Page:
NHL Season Opens In Europe
ROBERT SIEGEL, host:
From NPR News, this is All Things Considered. I'm Robert Siegel. The National Hockey League season begins tomorrow and it begins in Europe. The Pittsburgh Penguins and Ottawa Senators will play two games over the weekend in Stockholm, and the New York Rangers and Tampa Bay Lightning will face off in Prague. Sportswriter Stefan Fatsis joins us now to explain hockey's transatlantic efforts. And Stefan, should we expect big crowds of Swedish and Czech hockey fans?
STEFAN FATSIS: Absolutely, more than 14,000 fans at the Globe Arena in Stockholm which, thanks to Wikipedia, I just learned is the world's largest spherical building and the sun in Sweden's scale model of the Solar System, so there you go. And 18,000 fans are expected at the O2 Arena in Prague. This caps a week in which these four teams had played exhibitions around Europe, Switzerland, Finland, Sweden, Slovakia, Germany. NHL Commissioner Gary Bettman said in Prague yesterday that this is part of a gradual build to a more permanent presence in Europe.
SIEGEL: Now, football, baseball and basketball have all tried to cultivate interest in Europe and also in some cases, in Asia. Is Bettman actually talking about placing franchises in Europe though?
FATSIS: Now that is the long-term thought, five to 10 years maybe, but it is the thought. Europe's going to need more American-style arenas. It's going to need to cultivate potential team owners and European TV networks. They've got to make sure that you've got the revenue streams because it is a very different sports culture in Europe. European fans are not used to U.S. style ticket prices, 80 or a hundred bucks a pop, over the course of long seasons. But I think it does make some sense for the NHL. Thirty percent of NHL players come from outside of North America and you have these areas of historic natural passion for hockey, more than in Nashville or Atlanta.
SIEGEL: We've talked though in the past about how the National Hockey League over-expanded in the 1990s. Is it reasonable for them to be talking about adding more teams?
FATSIS: I don't think they can just add more teams, but I do think that a dramatic step would be to admit that they made mistakes and shift the weakest franchises to Europe. You've got Prague, Stockholm, Moscow, Berlin, Helsinki, Zürich or London. It sounds like a pretty good division to me, better than some of the weaker southern markets that you've got now. And the NHL has made some nice strides since the lockout that canceled the 2004-05 season. You've got new stars like Sidney Crosby of Pittsburgh. They've been playing an annual outdoor game that's been great. This year it's going to be the Detroit Red Wings and the Chicago Blackhawks playing on January 1st in Wrigley Field. And if these trends continue and it makes business sense, I can see the NHL being the first to pull the trigger on going to Europe.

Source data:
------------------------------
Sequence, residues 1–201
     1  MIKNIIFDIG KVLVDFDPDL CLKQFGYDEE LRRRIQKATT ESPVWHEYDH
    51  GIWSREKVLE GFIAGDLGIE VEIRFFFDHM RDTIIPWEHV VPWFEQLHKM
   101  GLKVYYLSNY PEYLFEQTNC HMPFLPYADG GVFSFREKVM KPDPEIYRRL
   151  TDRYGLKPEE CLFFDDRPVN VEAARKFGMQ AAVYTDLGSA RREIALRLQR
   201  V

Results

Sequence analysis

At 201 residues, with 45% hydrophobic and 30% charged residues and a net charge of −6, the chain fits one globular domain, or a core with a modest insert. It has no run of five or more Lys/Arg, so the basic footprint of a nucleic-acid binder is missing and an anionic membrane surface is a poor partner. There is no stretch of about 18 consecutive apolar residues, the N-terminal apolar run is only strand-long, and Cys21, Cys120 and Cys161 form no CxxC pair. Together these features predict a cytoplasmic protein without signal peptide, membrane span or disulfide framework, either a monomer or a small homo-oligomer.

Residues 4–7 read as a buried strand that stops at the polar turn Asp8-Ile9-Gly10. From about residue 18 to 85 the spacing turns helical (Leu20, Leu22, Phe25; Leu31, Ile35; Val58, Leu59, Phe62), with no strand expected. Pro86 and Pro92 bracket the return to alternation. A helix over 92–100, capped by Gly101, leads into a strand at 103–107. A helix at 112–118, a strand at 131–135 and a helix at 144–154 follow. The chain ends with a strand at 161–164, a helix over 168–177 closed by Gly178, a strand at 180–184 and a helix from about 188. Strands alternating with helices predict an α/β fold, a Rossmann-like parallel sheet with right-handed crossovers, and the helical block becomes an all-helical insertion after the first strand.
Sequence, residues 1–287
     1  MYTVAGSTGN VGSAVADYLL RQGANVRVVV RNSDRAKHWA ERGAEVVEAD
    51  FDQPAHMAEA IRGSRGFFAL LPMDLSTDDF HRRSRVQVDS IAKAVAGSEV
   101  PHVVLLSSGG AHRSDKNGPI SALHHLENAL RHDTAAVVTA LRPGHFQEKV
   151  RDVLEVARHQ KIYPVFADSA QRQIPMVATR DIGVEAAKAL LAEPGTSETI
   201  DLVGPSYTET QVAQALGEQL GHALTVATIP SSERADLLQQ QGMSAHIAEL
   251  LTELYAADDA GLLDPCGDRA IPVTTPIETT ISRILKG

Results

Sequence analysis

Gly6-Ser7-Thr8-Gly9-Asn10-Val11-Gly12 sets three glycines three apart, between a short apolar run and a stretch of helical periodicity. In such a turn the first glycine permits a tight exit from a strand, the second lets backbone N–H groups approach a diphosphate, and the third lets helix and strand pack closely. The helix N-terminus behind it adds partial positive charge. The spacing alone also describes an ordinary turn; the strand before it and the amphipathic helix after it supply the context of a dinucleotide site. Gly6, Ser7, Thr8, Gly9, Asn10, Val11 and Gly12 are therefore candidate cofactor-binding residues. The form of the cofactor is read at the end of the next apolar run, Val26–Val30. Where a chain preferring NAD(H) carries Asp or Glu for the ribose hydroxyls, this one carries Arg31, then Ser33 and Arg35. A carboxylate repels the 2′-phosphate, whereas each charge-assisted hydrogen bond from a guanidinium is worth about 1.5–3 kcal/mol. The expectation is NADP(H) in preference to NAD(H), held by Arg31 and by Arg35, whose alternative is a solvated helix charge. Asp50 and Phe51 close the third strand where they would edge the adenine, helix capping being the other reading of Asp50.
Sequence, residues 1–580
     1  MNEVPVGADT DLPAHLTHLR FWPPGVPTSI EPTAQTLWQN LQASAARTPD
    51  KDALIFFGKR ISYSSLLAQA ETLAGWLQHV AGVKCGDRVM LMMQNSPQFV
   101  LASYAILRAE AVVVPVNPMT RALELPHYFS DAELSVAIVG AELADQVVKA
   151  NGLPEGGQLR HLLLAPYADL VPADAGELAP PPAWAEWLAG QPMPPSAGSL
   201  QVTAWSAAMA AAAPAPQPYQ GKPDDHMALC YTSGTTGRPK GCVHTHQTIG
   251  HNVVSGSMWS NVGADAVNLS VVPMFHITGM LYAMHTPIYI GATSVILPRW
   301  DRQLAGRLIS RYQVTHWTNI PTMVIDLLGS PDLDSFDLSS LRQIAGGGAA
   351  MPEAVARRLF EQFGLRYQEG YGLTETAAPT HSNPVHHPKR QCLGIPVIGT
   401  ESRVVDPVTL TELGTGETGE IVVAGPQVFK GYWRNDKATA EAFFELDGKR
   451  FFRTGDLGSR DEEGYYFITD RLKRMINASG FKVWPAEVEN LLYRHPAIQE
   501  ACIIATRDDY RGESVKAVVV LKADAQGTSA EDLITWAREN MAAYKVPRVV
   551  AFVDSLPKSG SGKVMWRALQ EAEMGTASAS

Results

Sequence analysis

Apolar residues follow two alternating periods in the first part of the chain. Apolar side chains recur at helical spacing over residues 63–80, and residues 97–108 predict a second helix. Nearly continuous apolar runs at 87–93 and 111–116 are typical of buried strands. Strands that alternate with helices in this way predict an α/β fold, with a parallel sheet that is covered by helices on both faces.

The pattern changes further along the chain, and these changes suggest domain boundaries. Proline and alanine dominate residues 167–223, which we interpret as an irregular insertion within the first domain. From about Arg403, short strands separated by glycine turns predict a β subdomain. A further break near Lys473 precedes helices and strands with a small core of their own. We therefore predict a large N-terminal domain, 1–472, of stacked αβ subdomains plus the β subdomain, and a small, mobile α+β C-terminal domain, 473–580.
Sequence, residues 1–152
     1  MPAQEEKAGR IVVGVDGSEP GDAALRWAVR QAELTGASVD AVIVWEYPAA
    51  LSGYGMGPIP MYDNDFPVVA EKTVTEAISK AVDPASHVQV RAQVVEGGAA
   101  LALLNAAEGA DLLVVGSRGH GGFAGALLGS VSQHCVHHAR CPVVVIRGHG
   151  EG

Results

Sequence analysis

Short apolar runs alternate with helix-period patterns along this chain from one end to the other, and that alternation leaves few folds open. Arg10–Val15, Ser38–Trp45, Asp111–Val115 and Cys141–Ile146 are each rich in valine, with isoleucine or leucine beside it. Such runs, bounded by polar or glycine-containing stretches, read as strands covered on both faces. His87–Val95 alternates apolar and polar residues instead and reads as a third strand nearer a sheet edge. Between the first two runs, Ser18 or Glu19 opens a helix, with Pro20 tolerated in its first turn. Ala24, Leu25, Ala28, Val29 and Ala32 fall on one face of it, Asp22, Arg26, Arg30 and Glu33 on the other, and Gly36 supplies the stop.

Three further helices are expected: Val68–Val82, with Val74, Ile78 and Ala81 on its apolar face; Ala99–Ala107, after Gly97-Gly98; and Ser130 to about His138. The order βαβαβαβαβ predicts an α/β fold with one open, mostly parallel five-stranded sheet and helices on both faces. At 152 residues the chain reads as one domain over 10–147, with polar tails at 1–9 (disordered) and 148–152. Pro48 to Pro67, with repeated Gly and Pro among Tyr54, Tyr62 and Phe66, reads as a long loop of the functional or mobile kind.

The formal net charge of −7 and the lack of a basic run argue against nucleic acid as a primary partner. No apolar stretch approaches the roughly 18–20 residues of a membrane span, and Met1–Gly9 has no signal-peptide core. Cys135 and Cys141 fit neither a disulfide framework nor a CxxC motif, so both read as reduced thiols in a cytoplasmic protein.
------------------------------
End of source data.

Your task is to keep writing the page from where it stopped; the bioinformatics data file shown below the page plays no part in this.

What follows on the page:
SIEGEL: But one complicating factor could be competition from Russian hockey.
FATSIS: Or it could be a reason to go to Europe. There's a new league in Russia, the Continental Hockey League. It's signed several NHL free agents, including the great but aging Jaromir Jagr, and it's tried to lure other players who are under contract to NHL teams now. The league offered $12.5 million a year to the Russian player Evgeni Malkin of Pittsburgh, who finished second in the NHL in scoring last year. Malkin decided not to jump, but another Russian player from Nashville did, and that's triggered an international incident. The Russian league says the NHL has refused to recognize its contracts in the past so they shouldn't have to. Meetings in Europe now are trying to resolve this conflict.
SIEGEL: Now, hearing you talk about hockey, I'm thinking about Paul Newman who died last week. It occurs to me that Paul Newman made the great hockey movie, made "Slap Shot."
FATSIS: One of the great cult sports movies of all time. Newman played Reg Dunlop, a down on his luck, leather pants-wearing player-coach for a renegade minor league hockey team. And now there is talk of remaking this movie and, you know, remaking these kinds of movies seems like a good idea at least to some people in Hollywood, but then you get a mildly tweaked watered-down version of the original, like with "The Longest Yard" or "The Bad News Bears." "Slap Shot" was made in 1977. It was set in a dying steel town. It addressed issues of the time, a disastrous economy, women's liberation, a more reckless sports culture. You know, maybe the remake will prove me wrong, but I'd let "Slap Shot" and Paul Newman rest in peace.
SIEGEL: Maybe the economy will prove you wrong yet.
(Soundbite of laughter)
FATSIS: And it makes sense to remake it. You're right.
SIEGEL: Sportswriter Stefan Fatsis who talks with us on most Fridays about sports and also the business of sports. Thanks a lot, Stefan.
FATSIS: Thanks, Robert.
NPR transcripts are created on a rush deadline by a contractor for NPR, and accuracy and availability may vary. This text may not be in its final form and may be updated or revised in the future. Please be aware that the authoritative record of NPR's programming is the audio.